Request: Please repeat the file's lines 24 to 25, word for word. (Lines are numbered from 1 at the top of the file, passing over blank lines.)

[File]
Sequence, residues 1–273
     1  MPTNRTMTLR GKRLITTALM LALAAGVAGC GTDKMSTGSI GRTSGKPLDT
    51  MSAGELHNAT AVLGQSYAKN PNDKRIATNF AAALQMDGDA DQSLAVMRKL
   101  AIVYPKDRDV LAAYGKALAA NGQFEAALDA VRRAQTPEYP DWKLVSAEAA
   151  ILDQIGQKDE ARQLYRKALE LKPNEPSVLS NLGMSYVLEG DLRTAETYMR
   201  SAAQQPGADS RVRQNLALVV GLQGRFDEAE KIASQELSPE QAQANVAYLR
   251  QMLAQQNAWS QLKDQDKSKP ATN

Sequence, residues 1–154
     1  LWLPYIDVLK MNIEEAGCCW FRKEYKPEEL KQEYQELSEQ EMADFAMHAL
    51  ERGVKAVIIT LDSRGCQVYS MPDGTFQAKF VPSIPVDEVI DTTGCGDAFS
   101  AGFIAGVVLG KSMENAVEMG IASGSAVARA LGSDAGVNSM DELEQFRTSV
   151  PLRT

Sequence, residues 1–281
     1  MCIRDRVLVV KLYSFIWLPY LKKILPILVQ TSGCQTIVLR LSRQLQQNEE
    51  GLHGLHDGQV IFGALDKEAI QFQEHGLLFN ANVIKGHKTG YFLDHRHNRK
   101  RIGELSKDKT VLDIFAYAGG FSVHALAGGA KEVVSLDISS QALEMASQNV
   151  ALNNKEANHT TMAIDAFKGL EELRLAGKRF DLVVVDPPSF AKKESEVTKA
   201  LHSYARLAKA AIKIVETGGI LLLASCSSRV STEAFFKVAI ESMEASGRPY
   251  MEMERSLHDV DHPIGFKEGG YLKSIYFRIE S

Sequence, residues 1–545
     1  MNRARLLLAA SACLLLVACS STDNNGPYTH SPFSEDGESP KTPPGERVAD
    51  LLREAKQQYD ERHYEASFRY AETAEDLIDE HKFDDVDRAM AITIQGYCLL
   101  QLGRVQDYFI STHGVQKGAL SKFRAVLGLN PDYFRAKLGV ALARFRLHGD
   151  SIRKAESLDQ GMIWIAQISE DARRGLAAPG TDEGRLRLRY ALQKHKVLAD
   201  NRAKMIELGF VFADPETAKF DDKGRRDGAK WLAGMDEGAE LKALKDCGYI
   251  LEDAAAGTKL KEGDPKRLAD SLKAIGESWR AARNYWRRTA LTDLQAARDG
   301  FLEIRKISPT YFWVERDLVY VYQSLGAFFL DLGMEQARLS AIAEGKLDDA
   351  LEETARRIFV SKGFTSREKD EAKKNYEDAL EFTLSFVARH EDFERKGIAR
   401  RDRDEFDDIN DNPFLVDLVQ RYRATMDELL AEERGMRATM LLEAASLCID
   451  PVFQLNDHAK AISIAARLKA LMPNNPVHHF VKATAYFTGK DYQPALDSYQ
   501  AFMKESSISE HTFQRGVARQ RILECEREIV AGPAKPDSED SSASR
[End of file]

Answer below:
   151  SIRKAESLDQ GMIWIAQISE DARRGLAAPG TDEGRLRLRY ALQKHKVLAD
   201  NRAKMIELGF VFADPETAKF DDKGRRDGAK WLAGMDEGAE LKALKDCGYI